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This episode aired on BloombergTV on Aug 6, 2012


MLPs, or master limited partnerships, are publically traded partnerships that operate in the natural resources, commodities or real-estate spaces, and are not taxed at the entity level. They provide steady, relatively high yields and investors are only taxed when they sell their units.

Q. Hard to believe we haven’t talked much about these, because they can be an extremely attractive “alt” investment, right?

A. They certainly can be, for one very good reason: excellent income. MLPs were created by Congress back in the 80s to foster energy independence, and there are about 85 of them now, with a total market cap of about $300 billion. MLPs are master limited partnership, so they are not taxed at the entity level, and their “units” trade on public exchanges.

Q. So, aside from not being taxed at the entity level, what are the big attractions?

A. There are 3 big ones. First, again, high yields… they’re averaging about 6% right now, which looks pretty good in a zero interest rate environment. Second, that income that comes back is considered a return of capital, meaning that you don’t pay tax on it until you sell the MLP unit. Third, MLPs can and do grow their businesses– they are operators. So the yields can grow with the businesses.

Q. That’s unique, isn’t it? Because REITs and Royalty Trusts, for example, generally don’t actually manage and operate businesses, they just collect passive income.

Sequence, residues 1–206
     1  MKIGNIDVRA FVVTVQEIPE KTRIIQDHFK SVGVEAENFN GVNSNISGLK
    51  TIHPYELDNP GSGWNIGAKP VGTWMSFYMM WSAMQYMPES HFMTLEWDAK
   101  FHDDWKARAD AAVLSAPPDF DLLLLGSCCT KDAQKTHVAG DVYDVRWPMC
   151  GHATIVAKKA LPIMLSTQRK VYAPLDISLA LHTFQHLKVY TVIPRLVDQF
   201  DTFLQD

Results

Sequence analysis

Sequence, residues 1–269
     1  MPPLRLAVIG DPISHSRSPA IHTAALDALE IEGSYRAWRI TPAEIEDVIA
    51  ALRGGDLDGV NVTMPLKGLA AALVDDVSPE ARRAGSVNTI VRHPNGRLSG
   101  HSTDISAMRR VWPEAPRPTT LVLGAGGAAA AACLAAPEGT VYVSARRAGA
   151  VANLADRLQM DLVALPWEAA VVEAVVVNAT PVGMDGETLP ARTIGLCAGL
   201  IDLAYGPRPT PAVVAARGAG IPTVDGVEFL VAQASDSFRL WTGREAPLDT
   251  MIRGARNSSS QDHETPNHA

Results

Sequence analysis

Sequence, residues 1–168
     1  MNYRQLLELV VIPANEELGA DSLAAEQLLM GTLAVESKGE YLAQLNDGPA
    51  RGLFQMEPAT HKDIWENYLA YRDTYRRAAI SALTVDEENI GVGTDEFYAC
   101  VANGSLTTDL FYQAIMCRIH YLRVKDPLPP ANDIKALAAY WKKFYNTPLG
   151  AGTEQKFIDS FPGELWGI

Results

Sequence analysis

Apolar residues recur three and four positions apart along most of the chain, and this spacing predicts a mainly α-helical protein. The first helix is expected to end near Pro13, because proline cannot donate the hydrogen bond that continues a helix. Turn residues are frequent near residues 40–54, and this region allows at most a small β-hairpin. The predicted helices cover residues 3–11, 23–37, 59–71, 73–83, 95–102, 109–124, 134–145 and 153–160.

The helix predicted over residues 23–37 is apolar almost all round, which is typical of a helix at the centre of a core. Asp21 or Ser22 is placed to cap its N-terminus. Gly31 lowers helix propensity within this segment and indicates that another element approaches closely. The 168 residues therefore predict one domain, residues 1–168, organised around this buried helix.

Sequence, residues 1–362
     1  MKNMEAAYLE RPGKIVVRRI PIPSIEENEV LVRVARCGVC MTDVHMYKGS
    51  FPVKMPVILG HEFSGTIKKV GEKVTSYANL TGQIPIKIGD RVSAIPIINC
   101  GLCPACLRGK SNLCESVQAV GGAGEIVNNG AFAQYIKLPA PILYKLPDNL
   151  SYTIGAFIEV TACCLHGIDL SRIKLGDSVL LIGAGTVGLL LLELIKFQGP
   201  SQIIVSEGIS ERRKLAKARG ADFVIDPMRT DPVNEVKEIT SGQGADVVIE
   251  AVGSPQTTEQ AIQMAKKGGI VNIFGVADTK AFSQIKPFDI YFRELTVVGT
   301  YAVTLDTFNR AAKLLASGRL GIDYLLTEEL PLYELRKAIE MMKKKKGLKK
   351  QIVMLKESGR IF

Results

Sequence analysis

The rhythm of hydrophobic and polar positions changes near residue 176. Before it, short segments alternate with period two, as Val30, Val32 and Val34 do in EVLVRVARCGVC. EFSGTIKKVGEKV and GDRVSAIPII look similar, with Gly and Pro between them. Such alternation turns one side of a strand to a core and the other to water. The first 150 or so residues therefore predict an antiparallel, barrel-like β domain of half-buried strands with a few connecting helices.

A. Yes, that’s a key point. The normal price you pay for having a public entity that doesn’t pay corporate tax is that it must remain passive. MLPs have a big leg up on other kinds of business organizations for that reason.

Q. OK, it all sounds pretty good. What are the downsides?

A. Well, because it’s still a yield play, there is some duration risk… but the fact that they operate businesses and their income can grow — right now they’re growing around 6% per year — helps offset that.

Q. What about investing through a mutual fund or ETF to get diversity?

A. You can do that, both exist. But that way of investing has a big downside, too… due to some arcane tax rules, MLPs held by mutual funds or ETFs effectively do attract an entity level tax, so you’re losing that benefit. You can also invest in them through closed end funds, but they carry big sales fees. Direct ownership is best.

Q. What else do we need to know?

A. Two more details. If you invest directly in MLPs, you’ll wind up filing tax returns in all the states in which it operates, which can be annoying. And note they’re not really appropriate for an IRA because they’re mostly already tax free, and they can also throw off “unrelated business income”, a no-no for IRAs.

Q. Bottom Line?

A. I think it’s pretty clear that these are extremely attractive vehicles right now. They are providing uncorrelated high yield, are liquid, and don’t have the same vulnerability to duration risk that true fixed income investment do because, again, of the growth potential. Of course, like anything, you still have to buy in at reasonable prices, but MLPs are worth a look for most investors.